October 2017 Forecast

By Michael Lynderey

October 5, 2017

Harrison is outrunning Ryan.

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The grotesques invade the movie screens this Hallowe'en. And while science fiction fanboy nirvana is poised to rule the month, and will, scrappy horror challengers aim to nibble away at its feet - Madeas, John Saws, killers in pig masks, and malevolent snowmen all wait in the shadows to take the runner down.

1. Blade Runner 2049 (October 6th)
In what is the month's queen bee and assumed sole $100 million earner, Ryan Gosling must navigate a futuristic world and its colorful supporting characters (Jared Leto, Dave Bautista, and Robin Wright are on standby), before reaching Harrison Ford's Rick Deckard and discovering the answer to whatever question he had presumably posed at film's beginning (you only get one, so make it count, Gosling!).

The first film, which I saw one time ten years ago, was a respectable science fiction entertainment with the expected thematic points about whether a robot can ever hope to be human instead of a card-carrying member of the Machine Empire. As I understand it, fans of the original appreciate the 1982 film's special effects and set design, most of which are a trademark of Blade Runner's helmer, Ridley Scott, who began in commercials and carried over their sense of style. Blade Runner, set in 2019, was also noted for its genre-defining vision of a vaguely dystopian future of Babel-tall buildings and mega-screen advertising (personally, futuristic/alternate world films that I think are a bit more topical are V for Vendetta, Watchmen, and the little-seen 1981 Shock Treatment, a musical that managed to foresee so many things).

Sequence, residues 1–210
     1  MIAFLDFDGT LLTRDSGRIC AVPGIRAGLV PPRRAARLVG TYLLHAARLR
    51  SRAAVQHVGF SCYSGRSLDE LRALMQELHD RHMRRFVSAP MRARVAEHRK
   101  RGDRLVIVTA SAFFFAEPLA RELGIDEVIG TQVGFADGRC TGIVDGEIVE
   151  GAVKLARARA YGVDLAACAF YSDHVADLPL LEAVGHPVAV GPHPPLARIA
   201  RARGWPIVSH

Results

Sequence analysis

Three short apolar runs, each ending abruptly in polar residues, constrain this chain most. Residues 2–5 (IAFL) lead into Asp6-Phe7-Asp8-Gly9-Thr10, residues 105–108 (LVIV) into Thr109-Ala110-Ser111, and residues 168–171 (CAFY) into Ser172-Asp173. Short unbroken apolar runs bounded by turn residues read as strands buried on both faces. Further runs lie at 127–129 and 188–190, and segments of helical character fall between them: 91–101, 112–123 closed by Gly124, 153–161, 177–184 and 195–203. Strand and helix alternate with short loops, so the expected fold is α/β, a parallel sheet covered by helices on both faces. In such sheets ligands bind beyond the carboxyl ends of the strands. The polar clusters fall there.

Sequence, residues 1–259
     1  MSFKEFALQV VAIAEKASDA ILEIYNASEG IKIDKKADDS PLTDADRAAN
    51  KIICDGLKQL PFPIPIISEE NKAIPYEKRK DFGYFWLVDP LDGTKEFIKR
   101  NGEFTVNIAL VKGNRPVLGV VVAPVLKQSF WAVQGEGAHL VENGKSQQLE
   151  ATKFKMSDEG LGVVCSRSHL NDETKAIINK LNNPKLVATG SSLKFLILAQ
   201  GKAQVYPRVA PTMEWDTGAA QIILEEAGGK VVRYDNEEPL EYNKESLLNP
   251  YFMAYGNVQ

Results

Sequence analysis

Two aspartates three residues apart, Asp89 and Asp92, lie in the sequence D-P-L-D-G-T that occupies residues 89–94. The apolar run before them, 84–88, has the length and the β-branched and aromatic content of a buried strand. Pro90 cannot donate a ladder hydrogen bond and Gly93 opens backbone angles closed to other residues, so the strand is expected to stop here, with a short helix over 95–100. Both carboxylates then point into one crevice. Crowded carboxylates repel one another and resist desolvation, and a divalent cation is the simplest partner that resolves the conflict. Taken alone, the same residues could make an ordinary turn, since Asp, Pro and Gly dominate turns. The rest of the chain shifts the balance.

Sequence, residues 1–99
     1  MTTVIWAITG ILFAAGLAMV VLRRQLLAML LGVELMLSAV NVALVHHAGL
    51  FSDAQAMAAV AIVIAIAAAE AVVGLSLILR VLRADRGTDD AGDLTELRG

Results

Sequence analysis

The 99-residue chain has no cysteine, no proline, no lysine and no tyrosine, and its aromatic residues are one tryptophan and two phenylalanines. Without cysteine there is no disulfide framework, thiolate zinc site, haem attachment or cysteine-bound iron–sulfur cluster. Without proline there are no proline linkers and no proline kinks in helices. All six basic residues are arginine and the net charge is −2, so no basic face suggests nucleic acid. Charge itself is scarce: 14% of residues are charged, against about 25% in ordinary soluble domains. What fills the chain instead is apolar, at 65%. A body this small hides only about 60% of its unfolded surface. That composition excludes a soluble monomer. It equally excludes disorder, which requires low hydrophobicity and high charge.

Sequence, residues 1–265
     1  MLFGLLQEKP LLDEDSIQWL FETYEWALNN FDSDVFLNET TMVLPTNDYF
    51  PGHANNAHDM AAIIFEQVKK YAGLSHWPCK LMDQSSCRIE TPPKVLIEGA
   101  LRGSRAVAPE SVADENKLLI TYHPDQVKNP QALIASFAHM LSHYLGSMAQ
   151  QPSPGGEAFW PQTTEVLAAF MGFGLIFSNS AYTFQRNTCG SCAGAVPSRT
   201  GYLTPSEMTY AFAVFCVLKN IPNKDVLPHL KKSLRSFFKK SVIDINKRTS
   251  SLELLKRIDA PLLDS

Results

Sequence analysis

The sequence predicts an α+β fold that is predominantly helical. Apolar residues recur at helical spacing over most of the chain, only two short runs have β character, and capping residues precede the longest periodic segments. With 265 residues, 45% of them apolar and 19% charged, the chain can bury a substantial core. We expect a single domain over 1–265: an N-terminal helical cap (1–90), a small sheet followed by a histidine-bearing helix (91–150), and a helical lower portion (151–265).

Now, after many years, a sequel emerges and that's all good, but though its fans might not mind, Blade Runner 2049 has been completed at an inhumane length of two hours and forty three minutes, projected on a giant numbing IMAX screen pitched at highest sharpest decibel. And in a year that has already given us such gems as 2 hours and 15 minutes (Logan), 2 hours and 20 minutes (War for the Planet of the Apes), 2 hours and 29 minutes (Transformers 5), and 2 hours and 21 minutes (Kingsman: The Golden Circle... honestly, what the actual... ?!?), I fear that Blade Runner's running time, which has been spared the wrath of a particularly eager editor, is simply too demanding on my cinematic spirit; and with a taxing Rotten Tomatoes rating of 90%, which means I'll actually have to use my brain, the film is asking a lot.

Directing duties on Blade Runner 2 have been commandeered by Denis Villeneuve, who made Prisoners, which I consider the best film of 2013, and who then went on to direct both Sicario (2015) and Arrival (2016), two films that... a lot of other people quite liked. Judging by its aforementioned reviews, a lot of people quite like Blade Runner 2049, too - so much so that it should overcome its length and vague unfamiliarity to modern audiences to smash through the $100 million dollar mark, in the process denying Madea or some other scrappy horror film bragging rights for month's biggest.